Everything You Need To Know About Anti-Fashion
Anti-Fashion isn’t just the prudence about mainstream fashion trends that most people feel from time to time, but an alternative to fashion and a voice within fashion’s discourse, and a philosophy that wants to know what fashion is and should understand its available alternatives. In the context of contemporary fashion, which has seen various hybridizations between art and fashion, style and design, mainstream and avant-garde, fast-fashion and slow-fashion, where’s the line between ‘official’ mainstream common fashion and its opposite? What makes something ‘Anti-Fashion’, and what’s just plain normal ‘fashion’?
What does it mean to be Anti-Fashion? In theory, the concept of Anti-Fashion tends to be linked to the avant-garde, especially that of the 1990s, but it also arose in the 1990s when young people would wear simple clothes without a visible brand name. Another period of anti-fashion has taken place in the 1950s, with the advent of rock and roll, especially with young adolescent women who wore this androgynous style of clothing in rebellion with the gender roles and societal norms at that time. So, in general terms, Anti-Fashion a style of clothing that clearly and deliberately challenges the fashion of the day.
FROM PUNK TO GRUNGE, FROM WEARABLE PIECES OF ART TO CONCEPTUAL FASHION AND CRAZY BODY ADORNMENTS, ‘ANTI-FASHION’ DESCRIBES THE WAYS IN WHICH DESIGNERS AND THE FASHION-AWARE EXPRESS THEIR OPPOSITION TO THE FASHION ESTABLISHMENT.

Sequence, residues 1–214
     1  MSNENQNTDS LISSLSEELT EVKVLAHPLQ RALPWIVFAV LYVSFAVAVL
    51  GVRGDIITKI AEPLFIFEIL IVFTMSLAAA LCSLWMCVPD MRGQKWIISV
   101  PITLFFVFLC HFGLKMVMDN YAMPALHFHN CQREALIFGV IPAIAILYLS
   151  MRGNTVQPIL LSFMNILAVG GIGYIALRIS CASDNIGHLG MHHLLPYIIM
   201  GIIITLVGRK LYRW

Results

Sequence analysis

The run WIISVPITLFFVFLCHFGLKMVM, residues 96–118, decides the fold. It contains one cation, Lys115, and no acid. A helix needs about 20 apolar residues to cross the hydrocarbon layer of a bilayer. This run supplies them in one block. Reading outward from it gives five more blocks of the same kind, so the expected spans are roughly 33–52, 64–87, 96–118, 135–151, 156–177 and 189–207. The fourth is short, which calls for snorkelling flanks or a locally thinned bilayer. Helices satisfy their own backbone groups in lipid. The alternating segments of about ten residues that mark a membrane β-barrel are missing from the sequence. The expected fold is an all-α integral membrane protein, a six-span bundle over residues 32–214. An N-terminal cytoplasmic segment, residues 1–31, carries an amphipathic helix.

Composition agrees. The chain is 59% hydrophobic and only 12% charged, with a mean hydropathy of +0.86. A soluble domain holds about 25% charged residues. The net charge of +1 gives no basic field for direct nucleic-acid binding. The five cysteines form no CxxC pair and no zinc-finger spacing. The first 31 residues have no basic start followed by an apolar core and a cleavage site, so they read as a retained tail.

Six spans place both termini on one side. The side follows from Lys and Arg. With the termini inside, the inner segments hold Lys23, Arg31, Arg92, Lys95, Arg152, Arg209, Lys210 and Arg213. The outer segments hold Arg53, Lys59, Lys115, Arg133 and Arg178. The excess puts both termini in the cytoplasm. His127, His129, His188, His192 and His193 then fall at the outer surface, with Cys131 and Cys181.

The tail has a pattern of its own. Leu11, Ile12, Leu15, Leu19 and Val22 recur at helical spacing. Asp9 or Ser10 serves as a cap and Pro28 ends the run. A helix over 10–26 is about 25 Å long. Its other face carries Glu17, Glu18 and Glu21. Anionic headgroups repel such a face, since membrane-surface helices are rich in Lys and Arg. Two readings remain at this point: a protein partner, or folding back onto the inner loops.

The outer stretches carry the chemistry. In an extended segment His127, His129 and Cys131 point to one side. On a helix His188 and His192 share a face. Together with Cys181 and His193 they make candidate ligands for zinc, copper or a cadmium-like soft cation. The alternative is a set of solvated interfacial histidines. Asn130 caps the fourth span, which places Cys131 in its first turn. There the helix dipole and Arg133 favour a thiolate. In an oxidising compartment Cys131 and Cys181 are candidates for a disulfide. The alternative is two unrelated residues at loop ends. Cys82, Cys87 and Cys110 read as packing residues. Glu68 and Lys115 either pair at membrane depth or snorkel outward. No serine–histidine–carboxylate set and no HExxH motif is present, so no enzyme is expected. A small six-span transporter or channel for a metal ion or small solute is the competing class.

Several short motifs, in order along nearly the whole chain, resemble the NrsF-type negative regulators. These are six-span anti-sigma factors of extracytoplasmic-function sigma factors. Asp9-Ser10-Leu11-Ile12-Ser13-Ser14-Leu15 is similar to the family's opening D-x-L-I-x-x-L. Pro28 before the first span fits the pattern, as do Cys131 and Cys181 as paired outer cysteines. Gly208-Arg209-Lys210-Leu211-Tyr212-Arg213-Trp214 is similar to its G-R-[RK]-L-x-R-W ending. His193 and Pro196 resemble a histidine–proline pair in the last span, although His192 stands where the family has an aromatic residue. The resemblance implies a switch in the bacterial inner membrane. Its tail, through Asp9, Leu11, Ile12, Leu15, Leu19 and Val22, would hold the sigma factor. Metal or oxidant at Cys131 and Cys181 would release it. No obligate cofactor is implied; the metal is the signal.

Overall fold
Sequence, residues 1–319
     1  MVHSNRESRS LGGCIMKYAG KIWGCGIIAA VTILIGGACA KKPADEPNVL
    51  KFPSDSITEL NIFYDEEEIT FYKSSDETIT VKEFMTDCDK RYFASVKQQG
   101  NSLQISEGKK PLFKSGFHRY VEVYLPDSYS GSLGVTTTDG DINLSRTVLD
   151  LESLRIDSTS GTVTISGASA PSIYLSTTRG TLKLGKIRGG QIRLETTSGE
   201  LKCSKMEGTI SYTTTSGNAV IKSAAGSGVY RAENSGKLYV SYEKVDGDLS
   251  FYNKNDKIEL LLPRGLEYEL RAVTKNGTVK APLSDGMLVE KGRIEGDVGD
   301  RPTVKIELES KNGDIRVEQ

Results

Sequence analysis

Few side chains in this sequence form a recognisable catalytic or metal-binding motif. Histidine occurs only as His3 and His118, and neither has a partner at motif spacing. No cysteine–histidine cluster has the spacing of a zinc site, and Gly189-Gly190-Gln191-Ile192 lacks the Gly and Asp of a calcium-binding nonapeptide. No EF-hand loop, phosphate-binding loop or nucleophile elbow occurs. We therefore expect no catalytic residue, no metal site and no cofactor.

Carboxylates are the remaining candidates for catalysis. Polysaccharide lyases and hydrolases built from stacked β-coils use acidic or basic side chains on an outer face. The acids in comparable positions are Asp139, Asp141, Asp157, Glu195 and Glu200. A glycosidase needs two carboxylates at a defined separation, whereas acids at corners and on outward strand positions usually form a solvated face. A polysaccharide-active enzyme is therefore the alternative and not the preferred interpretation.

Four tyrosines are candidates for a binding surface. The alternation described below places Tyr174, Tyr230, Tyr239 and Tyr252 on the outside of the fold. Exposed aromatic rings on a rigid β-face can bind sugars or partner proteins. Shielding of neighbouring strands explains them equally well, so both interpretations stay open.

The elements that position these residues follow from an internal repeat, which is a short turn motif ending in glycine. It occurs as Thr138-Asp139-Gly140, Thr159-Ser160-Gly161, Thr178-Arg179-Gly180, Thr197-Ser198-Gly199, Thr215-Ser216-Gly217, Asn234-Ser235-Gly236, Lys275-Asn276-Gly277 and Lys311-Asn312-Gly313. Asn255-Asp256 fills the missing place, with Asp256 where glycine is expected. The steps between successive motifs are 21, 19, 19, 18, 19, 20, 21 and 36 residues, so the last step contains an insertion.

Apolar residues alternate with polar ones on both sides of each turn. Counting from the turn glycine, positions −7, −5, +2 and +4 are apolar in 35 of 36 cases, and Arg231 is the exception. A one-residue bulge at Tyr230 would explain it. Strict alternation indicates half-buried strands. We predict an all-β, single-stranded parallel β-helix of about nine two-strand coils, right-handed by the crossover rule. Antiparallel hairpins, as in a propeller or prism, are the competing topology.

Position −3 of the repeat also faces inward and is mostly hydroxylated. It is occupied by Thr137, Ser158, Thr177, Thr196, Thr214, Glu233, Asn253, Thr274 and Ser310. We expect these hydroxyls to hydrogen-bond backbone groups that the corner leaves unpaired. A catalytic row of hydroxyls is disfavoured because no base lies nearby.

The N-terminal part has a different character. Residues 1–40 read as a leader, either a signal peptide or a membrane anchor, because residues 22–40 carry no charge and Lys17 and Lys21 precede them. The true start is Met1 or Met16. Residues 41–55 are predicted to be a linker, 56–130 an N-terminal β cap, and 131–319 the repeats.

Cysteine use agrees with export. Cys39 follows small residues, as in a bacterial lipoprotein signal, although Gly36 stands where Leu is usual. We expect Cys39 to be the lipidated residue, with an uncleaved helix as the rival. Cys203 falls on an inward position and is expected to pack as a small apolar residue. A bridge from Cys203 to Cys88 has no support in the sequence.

Today, Anti-Fashion seems to be more mainstream than ever before. With designers trying to stay ahead of the ever-changing business landscape, one must stand out in order to be remembered. Demna Gvasalia’s Balenciaga Triple S Sneaker for Balenciaga, Martin Margiela’s Tabi Boot, Birkenstock’s Arizona Sandals all differ from societal fashion standards but have become trends and are worn by the masses. What is it that has allowed designers’ — and consumers’ — eyes to adjust toward the “ugly” in fashion? Why is “ugly” the latest trend?
“Through social media, younger generations are very in tune with sarcasm, meme fashion, and some of these ugly fashions speak to that,” says Brian Trunzo, senior consultant and forecaster for trend forecasting service WGSN. With the reach of social platforms “it’s easier for something like a pair of Crocs at Balenciaga to go viral. There is a certain level of inception that happens when you see something so often you start to accept it as aesthetically pleasing. When one trend reaches the extreme, it then reaches in the other direction. Certain ‘ugly’ styles can become fashionable because of that.”
However, Anti-Fashion is not only seen as a fad movement you join in on to differ from societal norms. It is highly appreciated and regarded by the uppermost individuals in fashion, who have seen the rise of designers like Martin Margiela, Yohji Yamamoto, Rick Owens and Ann Demeulemeester who helped shaped fashion into what it is today. This is why the New York Metropolitan Museum featured an exhibit entitled Fashion / Anti-fashion: The Art of the In-Between in 2017 which showcased the work of alternative Japanese brand Comme des Garcons under the direction of Rei Kawakubo. It featured 140 examples of Kawakubo's womenswear for Comme des Garçons dating from the early 1980s to her most recent collection, and the audience were treated to a tightly curated edit of Kawakubo’s career at the fashion house broken into categories like Then/Now, Model/Multiple, and Self/Other.